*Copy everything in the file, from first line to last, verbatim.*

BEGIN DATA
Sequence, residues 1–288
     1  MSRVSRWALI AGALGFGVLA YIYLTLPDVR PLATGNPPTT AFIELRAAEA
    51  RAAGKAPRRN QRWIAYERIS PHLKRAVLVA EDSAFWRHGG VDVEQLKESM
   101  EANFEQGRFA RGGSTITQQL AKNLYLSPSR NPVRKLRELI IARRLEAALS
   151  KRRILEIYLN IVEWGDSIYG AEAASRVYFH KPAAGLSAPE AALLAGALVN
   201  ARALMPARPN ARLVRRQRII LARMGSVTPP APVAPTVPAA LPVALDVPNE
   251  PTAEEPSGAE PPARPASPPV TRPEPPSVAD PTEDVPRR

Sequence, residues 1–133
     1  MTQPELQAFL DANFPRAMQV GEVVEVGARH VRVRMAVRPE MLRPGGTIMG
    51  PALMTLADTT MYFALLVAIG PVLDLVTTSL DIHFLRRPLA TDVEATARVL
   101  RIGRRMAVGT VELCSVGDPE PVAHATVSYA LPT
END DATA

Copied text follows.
Sequence, residues 1–288
     1  MSRVSRWALI AGALGFGVLA YIYLTLPDVR PLATGNPPTT AFIELRAAEA
    51  RAAGKAPRRN QRWIAYERIS PHLKRAVLVA EDSAFWRHGG VDVEQLKESM
   101  EANFEQGRFA RGGSTITQQL AKNLYLSPSR NPVRKLRELI IARRLEAALS
   151  KRRILEIYLN IVEWGDSIYG AEAASRVYFH KPAAGLSAPE AALLAGALVN
   201  ARALMPARPN ARLVRRQRII LARMGSVTPP APVAPTVPAA LPVALDVPNE
   251  PTAEEPSGAE PPARPASPPV TRPEPPSVAD PTEDVPRR

Sequence, residues 1–133
     1  MTQPELQAFL DANFPRAMQV GEVVEVGARH VRVRMAVRPE MLRPGGTIMG
    51  PALMTLADTT MYFALLVAIG PVLDLVTTSL DIHFLRRPLA TDVEATARVL
   101  RIGRRMAVGT VELCSVGDPE PVAHATVSYA LPT